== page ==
My best present last year was from my sister. It looked like a photograph frame or a small TV screen but, once plugged in and fed with a computer memory stick, it blossomed into life, unrolling a slide show of all the wildlife highlights of her garden year. Red squirrels, otters, seals, a slender roe deer, pine martens raiding the bird feeders, the shingle-based nests of ring plover and oyster catcher, they were all there: a loch-side compilation.
Obviously my suburban garden can’t compete with that, but the idea captured my imagination and led me to thinking about my own, more modest, 2015 garden highlights. It proved surprisingly easy. Early April got me off to a flying start – a brilliant streak of yellow, a brimstone butterfly, crossing the garden in characteristically purposeful flight. Then there were those little jewel-bright flies clustered on the laurel leaves, gently revolving in a stately minuet.
My visiting badger, Seamus, now a venerable beast, renewed his evening visits in April. The high-spot came when a young female, probably one of this year’s cubs, came bounding after him, gave him a friendly shove and proceeded to hoover up all the remaining peanuts in record time. He wandered off leaving her to it. After this she became an intermittent visitor often coming early to snaffle the feast.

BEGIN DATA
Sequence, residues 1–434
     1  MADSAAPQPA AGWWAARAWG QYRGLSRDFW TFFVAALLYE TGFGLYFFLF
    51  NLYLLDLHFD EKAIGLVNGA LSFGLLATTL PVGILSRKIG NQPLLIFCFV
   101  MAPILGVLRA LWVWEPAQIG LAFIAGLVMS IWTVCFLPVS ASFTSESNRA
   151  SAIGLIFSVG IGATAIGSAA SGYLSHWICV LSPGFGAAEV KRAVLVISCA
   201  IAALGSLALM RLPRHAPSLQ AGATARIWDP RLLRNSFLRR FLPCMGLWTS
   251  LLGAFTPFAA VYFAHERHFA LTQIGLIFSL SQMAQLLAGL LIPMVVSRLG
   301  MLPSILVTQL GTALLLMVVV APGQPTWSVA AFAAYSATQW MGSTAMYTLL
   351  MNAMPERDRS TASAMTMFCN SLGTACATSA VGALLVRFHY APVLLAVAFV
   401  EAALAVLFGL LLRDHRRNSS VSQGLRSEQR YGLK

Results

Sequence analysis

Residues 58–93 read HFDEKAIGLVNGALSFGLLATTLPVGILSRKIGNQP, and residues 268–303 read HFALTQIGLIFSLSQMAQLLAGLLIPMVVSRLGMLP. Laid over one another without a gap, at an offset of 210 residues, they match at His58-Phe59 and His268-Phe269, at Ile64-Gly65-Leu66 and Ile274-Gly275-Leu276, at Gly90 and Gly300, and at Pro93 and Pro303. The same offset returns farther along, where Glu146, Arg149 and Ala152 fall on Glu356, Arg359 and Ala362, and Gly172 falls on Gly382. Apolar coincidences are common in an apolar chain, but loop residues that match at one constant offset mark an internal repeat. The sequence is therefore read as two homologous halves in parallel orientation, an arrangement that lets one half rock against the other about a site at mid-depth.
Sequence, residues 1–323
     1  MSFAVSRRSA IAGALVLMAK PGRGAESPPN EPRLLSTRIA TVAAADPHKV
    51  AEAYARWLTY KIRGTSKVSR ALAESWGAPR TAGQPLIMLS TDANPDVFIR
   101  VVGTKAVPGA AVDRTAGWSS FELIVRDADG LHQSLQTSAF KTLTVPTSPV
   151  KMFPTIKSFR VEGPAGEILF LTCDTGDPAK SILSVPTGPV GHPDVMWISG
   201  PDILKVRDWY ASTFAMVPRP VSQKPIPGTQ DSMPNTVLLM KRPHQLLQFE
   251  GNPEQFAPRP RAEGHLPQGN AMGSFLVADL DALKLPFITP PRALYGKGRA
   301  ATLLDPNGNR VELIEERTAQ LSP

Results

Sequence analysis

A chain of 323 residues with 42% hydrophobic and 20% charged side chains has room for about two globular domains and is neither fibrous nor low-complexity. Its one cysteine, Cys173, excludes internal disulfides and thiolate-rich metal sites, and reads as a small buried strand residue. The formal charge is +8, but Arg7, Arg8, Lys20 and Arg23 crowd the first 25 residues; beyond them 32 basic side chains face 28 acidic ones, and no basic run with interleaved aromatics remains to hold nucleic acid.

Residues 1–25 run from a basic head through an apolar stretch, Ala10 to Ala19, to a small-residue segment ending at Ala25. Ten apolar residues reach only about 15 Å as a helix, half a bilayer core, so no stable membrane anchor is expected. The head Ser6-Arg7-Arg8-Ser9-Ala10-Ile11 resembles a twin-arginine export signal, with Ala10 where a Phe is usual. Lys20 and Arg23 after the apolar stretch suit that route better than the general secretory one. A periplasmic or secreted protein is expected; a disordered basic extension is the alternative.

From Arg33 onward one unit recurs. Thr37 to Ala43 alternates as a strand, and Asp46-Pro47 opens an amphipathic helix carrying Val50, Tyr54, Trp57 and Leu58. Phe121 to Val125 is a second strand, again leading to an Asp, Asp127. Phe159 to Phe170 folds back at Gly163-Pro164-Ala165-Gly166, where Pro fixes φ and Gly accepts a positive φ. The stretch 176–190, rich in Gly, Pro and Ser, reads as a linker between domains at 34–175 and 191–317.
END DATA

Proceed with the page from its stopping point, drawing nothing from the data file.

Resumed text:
It was a poor year for butterflies – cool and often windy. However, I clocked up two new species: a gatekeeper, normally a butterfly of country lanes and hedgerows, and a holly blue. There can be few prettier sights than a smart, newly emerged blue butterfly feeding on the dull green and pink of a marjoram flower, something to make up for the absence of more common late summer visitors like red admirals and painted ladies.
The birdbath is often the source of much amusement to me. It’s interesting to note that once one bird decides to have a bath, the idea rapidly catches on. Usually the would-be bathers form an orderly queue and bathe in dignified solitude. Not so the long-tailed tits, birds that prefer to keep together. I still grin when I remember the occasion when, after a succession of decorous blue tits, there was suddenly a mob of long-tails splashing vigorously, the edges of the bowl decorated with a frill of tails.
I haven’t the skill to capture these scenes on film, but they are in my memory, to be called up at will, like Wordsworth’s daffodils.